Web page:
I have found there is a voice within that says, "This is the way, walk ye in it" (Is. 30:21). It is a small insistent voice, but it is there. Jesus, united to my spirit, guides my way and makes even my enemies to be at peace with me. I have also begun to see material things as merely adjuncts to His purpose. That is why it doesn't matter whether we have one arm, leg, or eye. God is concerned with the spirit of man, and his body, clothes, food, comfort, are only to be used to the one end of proclaiming Christ as Lord to the

glory of God the Father. So Moses' stutter (I find it impossible to accede to Moses' belief in his elocutionary inadequacy after reading Deuteronomy) is of no significance as an impediment to God, because Moses' spirit was right. So Miss Francis Ridley Havergal could minister from her bed because her spirit was united to Christ's. Isaiah, Jeremiah, and Ezekiel would all be considered "kooks" by psychologists, but a fire burned within their bones that made their inadequacies flames for God. As God says, he has confounded the wise through the foolish and taken the despised and debased and made them mighty (I Cor. 1).

When Isaiah beheld the glory of God, he cried out: "Woe is me ... because I am a man of unclean lips." But God touched his lips with fire from the altar. Thus enabled, this prophet responded to God's challenge: "Who will go for us?", with, "Here am I; send me" (Is. 6). Thus centuries later T. S. Eliot can write in The Four Quartets, "We only live, only suspire,/consumed by either fire or fire" ("Little Gidding," IV, 144)2 That fire can be -should be - the Spirit of God igniting us to His service; on the other hand it can be the self-motivating anguish of the materialist, who builds barns which remain empty and whose epitaph is Christ's cryptic remark: "So is he that layeth up treasure for himself and is not rich toward God" (Luke 12:21). Or as T.S. Eliot puts it in his "Choruses from the Rock": "his only monument the asphalt road, and a thousand lost golf balls" (III, 103).

In The Winter's Tale, Shakespeare tells of how Hermione is recalled to life after sixteen years. Standing as a statue surrounded by friends and relatives, Pauline tells her:

'Tis time to descend, be stone no more.... Strike all that look upon you with marvel Come, I'll fill your grave up. Stir - nay, come away, Bequeath to death your numbness, for from him Dear life redeems you. (V, iii, 99-103)

In Shakespeare's last plays particularly, Christian themes, as here, are evident to all but the most obtuse reader. "Dear life" for the Christian must mean our Lord Jesus Christ, who overcame death and the grave both physically and spiritually. He alone can recall to life. That life is ours through the atonement of our Lord and Savior, Jesus Christ. But so often, I think, we remain as statues, beautiful to look at, touch, and even hold, but without the fire that warns others around us with the sense of that Presence we claim to have within, the fire of love, of compassion, of a sound mind. His wholeness is our wholeness as we speak, touch, and minister to others. It is His love that Christ would have us share.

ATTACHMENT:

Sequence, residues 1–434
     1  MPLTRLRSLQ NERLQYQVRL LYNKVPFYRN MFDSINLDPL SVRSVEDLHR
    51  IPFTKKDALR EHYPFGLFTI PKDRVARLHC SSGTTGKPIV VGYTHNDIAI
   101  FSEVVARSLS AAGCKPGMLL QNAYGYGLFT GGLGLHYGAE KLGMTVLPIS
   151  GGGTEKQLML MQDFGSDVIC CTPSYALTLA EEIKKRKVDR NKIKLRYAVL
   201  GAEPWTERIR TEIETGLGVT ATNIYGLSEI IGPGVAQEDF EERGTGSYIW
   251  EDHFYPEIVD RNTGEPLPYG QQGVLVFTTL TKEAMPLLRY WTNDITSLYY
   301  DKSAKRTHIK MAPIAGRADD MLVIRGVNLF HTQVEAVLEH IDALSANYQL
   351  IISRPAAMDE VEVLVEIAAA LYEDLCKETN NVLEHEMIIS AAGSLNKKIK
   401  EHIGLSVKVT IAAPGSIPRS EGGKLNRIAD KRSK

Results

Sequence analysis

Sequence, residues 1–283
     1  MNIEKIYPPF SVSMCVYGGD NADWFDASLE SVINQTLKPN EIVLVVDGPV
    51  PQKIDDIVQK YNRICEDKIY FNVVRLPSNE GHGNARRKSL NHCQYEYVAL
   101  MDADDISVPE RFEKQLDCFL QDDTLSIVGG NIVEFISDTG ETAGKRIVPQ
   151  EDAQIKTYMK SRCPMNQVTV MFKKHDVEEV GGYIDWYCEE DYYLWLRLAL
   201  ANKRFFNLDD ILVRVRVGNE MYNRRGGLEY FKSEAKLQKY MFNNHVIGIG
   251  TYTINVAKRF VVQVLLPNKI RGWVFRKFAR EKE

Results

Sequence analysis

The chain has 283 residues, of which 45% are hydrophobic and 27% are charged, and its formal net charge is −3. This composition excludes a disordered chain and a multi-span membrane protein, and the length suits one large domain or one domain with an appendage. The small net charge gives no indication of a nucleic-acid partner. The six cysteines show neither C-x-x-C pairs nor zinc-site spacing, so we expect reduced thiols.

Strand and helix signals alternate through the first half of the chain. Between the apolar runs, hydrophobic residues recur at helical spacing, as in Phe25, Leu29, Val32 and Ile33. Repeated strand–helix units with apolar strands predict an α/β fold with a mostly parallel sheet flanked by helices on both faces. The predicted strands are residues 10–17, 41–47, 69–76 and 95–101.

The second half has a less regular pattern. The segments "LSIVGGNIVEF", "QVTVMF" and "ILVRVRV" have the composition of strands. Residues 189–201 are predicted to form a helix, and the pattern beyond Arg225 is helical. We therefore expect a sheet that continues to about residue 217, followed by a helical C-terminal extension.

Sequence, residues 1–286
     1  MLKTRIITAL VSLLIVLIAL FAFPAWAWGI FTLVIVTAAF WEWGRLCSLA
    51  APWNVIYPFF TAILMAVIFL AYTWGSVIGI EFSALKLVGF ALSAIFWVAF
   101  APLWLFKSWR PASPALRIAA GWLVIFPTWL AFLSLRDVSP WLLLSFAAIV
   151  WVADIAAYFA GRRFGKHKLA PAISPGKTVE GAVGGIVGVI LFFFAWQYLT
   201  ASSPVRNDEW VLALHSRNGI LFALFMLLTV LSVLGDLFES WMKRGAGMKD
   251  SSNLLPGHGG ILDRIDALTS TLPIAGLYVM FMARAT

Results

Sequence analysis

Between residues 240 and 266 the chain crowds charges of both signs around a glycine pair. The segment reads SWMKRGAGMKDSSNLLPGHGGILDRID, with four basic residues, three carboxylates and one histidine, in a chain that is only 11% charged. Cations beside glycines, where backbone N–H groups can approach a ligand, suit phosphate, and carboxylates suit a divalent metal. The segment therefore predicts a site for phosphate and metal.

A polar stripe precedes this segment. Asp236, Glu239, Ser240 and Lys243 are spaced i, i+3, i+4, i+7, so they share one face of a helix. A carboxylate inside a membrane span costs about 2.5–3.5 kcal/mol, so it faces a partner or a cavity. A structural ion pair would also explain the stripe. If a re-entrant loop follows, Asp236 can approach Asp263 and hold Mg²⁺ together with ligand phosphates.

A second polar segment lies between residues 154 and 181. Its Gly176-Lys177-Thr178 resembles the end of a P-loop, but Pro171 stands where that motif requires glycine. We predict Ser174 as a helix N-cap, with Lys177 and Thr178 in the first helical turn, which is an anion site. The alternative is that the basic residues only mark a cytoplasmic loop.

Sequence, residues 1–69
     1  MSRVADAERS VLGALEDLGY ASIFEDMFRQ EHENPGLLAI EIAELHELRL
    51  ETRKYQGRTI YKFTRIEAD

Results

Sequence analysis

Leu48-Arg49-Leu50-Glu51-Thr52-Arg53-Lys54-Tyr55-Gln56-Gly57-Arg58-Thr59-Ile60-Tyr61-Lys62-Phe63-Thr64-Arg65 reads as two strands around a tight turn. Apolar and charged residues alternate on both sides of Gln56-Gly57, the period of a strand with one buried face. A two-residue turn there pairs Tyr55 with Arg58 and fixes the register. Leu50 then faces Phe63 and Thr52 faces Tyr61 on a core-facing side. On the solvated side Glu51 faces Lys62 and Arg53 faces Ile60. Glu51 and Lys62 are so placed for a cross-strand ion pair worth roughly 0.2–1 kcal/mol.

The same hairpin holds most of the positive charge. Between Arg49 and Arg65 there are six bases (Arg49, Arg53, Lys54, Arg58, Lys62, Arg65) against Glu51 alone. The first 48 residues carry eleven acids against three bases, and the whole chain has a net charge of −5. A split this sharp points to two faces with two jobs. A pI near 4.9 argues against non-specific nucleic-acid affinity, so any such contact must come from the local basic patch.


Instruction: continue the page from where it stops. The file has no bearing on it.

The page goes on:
Dr. Manette, in Dickens' A Tale of Two Cities, is unjustly imprisoned for eighteen years in the Bastille by a malicious nobleman in pre-revolutionary France. Unexpectedly, "recalled to life," he is able years later to minister to others in the same condition during the terror that accompanied the French Revolution. One of these is his own son-in-law, who, ironically, is the nephew of the marquis who had incarcerated Dr. Manette. But the good doctor sees only that his old pain and suffering have given him the strength and power to help. Out of what dungeons have you and I been called, united with the Spirit of life, to go forth, flames of fire, ministering to others in our different ways?

'Citations from T. S. Eliot in the text are from T. S. Eliot: The Complete Poems and Plays: 1909-1950 (New York: Harcourt, Brace, and World, 1950).



Does the Union-Life perspective encourage license?
Dan Stone takes a hard look at this question.

We have this treasure in earthen vessels,

Does the union-life emphasis upon "Spirit as ultimate reality" encourage license? Directly or indirectly this question is asked of me more than any other.

My first response is the same as Paul's: "Shall we sin because we are not under law but under grace? May it never be!" (Rom. 6:15). My second response is that I prefer to label as "growing pains" that which others call license. Some might prefer to say that what looks like license is God's unique way of working His truth into our inner consciousness. At any rate, this subject certainly needs further clarification, for to many observers union-life teaching appears at times to encourage license.


When people first hear union-life or spirit teaching, they tend to express the only point of view available to them. Because they are entrenched in a dualistic outlook, they just naturally translate what they hear as an encouragement to sin. Society trains us to be objective persons (see-aters) who distrust the unseen, the spiritual, or the metaphysical. We are the products of the educational system in which we grew up. Unfortunately, that system has taught us to judge by outer appearances, even though Jesus ex

pressly warned against it. "Judge not according to appearance, but judge righteous judgment" (John 7:24).